…greasy looking smears/and next to them, written in soft pencil/by a beautiful girl, I could tell,/whom I would never meet/“Pardon the egg salad stains, but I’m in love.” - from the poem Marginalia by Billy Collins
I thought marginalia was a fairly new coined word. However unless you consider the early 1800s as recent, the word has been around for quite some time.
Marginalia, according to Wikipedia, "are notes, scribbles, and comments made by readers in the margin of a book. True marginalia is not to be confused with reader's signs, marks (e.g. stars, crosses, fists) or doodles in books.
"The first recorded use of the word marginalia is in 1819 in Blackwood's Magazine. From 1845 to 1849 Edgar Allan Poe titled some of his reflections and fragmentary material "Marginalia." Five volumes of Samuel T. Coleridge's marginalia have been published.
Mark Twain was also known for writing in the margins. His comments were often not flattering to the author, but there was no mistaking his point of view.
According to "Book Lovers Fear Dim Future for Notes in the Margins" in the New York Times, the popularity of e-books has some people worried about losing this art form.
“Like many readers, Twain was engaging in marginalia, writing comments alongside passages and sometimes giving an author a piece of his mind. It is a rich literary pastime, sometimes regarded as a tool of literary archaeology, but it has an uncertain fate in a digitalized world.
“’People will always find a way to annotate electronically,’ said G. Thomas Tanselle, a former vice president of the John Simon Guggenheim Memorial Foundation and an adjunct professor of English at Columbia University. ‘But there is the question of how it is going to be preserved. And that is a problem now facing collections libraries.’”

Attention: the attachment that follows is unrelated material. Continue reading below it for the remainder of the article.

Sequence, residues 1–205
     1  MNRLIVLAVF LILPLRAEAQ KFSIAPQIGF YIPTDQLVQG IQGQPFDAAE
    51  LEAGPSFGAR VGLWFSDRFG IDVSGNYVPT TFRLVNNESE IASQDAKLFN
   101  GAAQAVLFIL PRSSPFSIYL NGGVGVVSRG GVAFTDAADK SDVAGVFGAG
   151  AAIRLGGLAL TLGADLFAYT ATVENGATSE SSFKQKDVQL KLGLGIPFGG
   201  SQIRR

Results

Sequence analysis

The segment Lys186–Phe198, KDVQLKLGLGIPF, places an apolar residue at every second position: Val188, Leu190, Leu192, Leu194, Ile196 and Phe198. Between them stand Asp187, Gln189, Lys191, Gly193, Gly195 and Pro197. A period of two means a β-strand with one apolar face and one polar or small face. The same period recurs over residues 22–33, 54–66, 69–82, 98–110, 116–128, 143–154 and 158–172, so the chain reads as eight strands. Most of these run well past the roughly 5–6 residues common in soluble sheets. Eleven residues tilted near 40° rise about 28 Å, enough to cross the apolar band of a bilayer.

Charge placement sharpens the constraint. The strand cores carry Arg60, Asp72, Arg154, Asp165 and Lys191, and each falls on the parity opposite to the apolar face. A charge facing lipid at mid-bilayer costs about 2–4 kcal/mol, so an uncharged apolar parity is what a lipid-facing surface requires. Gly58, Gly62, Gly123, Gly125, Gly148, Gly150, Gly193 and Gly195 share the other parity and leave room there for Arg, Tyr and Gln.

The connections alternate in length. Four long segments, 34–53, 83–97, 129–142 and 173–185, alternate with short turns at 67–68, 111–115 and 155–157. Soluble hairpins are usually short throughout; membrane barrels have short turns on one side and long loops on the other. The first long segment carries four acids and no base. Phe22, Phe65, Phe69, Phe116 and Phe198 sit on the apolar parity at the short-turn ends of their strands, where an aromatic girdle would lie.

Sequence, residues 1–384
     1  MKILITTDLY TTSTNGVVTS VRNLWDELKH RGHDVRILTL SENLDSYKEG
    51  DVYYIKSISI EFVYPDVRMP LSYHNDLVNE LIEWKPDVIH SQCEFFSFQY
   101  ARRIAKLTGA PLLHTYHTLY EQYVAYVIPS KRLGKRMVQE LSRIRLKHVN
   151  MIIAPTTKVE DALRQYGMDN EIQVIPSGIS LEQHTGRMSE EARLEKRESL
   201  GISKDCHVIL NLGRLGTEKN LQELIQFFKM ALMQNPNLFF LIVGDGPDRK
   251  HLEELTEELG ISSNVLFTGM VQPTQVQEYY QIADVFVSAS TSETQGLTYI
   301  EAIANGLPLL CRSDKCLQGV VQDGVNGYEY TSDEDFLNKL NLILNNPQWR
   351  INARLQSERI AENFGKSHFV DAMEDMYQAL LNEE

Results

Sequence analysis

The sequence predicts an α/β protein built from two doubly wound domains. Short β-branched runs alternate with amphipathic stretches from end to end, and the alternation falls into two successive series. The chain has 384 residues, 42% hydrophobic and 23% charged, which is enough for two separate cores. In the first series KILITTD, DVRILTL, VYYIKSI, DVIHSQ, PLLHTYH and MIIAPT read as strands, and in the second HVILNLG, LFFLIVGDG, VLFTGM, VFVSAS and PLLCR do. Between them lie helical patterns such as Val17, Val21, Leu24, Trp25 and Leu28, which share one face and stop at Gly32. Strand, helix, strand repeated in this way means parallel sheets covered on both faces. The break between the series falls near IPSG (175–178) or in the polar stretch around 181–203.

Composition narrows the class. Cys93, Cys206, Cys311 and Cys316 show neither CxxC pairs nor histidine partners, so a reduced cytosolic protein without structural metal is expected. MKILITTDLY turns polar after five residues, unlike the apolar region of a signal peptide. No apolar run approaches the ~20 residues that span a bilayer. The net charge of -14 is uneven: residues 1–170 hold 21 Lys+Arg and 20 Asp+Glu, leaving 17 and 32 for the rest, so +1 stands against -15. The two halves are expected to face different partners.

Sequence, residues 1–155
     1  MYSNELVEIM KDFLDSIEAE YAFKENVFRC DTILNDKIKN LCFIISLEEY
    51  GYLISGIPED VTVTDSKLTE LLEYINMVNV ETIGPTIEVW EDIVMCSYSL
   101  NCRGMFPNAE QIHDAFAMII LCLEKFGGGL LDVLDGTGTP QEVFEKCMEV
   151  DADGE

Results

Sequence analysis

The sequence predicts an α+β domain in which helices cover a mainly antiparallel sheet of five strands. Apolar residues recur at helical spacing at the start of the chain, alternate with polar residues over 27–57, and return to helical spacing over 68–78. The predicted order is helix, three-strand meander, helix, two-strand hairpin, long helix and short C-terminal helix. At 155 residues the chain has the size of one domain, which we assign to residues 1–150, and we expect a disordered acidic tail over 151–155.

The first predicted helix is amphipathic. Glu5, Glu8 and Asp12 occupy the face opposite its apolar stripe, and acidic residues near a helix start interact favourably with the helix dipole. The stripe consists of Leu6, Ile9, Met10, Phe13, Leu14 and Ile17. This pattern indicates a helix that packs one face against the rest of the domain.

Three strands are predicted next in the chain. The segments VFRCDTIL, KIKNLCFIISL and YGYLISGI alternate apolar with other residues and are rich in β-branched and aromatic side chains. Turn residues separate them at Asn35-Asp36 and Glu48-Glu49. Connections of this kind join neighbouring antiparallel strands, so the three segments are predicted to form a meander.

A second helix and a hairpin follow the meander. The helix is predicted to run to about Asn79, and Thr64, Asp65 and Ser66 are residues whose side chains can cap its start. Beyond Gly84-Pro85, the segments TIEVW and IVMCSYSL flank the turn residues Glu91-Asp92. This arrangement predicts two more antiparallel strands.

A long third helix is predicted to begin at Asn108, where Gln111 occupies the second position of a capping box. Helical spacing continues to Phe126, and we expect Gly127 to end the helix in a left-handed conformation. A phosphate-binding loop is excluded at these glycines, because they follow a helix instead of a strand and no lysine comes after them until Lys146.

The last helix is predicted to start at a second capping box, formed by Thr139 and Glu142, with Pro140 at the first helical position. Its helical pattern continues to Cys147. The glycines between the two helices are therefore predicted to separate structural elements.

“… David Spadafora, president of the Newberry, said marginalia enriched a book, as readers infer other meanings, and lends it historical context. “The digital revolution is a good thing for the physical object,” he said. As more people see historical artifacts in electronic form, “the more they’re going to want to encounter the real object.”
Though I would love to run across interesting marginalia, it’s a habit I’ve never practiced (except for textbooks). To me it’s akin to folding down a corner, tearing out a page, highlighting and other book scarring tactics. Thank goodness for sticky notes. It’s not my fault. Evidently I must have been influenced by librarians and teachers.
“’Paul F. Gehl, a curator at the Newberry, blamed generations of librarians and teachers for ‘inflicting us with the idea’ that writing in books makes them ‘spoiled or damaged.’”
Do you own books with interesting marginalia? Do you often write in margins of regular or e-books? If so, what sort of notes do you make?
Thanks for stopping by today. I hope to see you again next week.
Tags: marginalia, Mark Twain, Edgar Allan Poe, writing in margins, e-reader, Billy Collins